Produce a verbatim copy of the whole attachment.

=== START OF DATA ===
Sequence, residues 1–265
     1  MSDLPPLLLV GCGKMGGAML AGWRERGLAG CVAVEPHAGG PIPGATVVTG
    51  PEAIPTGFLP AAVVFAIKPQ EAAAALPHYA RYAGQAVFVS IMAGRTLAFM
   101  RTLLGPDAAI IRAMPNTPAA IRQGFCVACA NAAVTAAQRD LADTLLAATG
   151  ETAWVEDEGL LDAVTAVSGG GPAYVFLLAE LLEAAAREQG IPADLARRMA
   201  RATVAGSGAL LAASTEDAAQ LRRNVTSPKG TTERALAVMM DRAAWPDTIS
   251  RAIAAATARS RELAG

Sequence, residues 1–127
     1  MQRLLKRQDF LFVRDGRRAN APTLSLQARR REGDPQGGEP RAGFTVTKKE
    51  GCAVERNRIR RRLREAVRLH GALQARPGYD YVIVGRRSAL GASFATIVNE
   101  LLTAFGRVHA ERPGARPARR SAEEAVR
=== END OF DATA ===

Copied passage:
Sequence, residues 1–265
     1  MSDLPPLLLV GCGKMGGAML AGWRERGLAG CVAVEPHAGG PIPGATVVTG
    51  PEAIPTGFLP AAVVFAIKPQ EAAAALPHYA RYAGQAVFVS IMAGRTLAFM
   101  RTLLGPDAAI IRAMPNTPAA IRQGFCVACA NAAVTAAQRD LADTLLAATG
   151  ETAWVEDEGL LDAVTAVSGG GPAYVFLLAE LLEAAAREQG IPADLARRMA
   201  RATVAGSGAL LAASTEDAAQ LRRNVTSPKG TTERALAVMM DRAAWPDTIS
   251  RAIAAATARS RELAG

Sequence, residues 1–127
     1  MQRLLKRQDF LFVRDGRRAN APTLSLQARR REGDPQGGEP RAGFTVTKKE
    51  GCAVERNRIR RRLREAVRLH GALQARPGYD YVIVGRRSAL GASFATIVNE
   101  LLTAFGRVHA ERPGARPARR SAEEAVR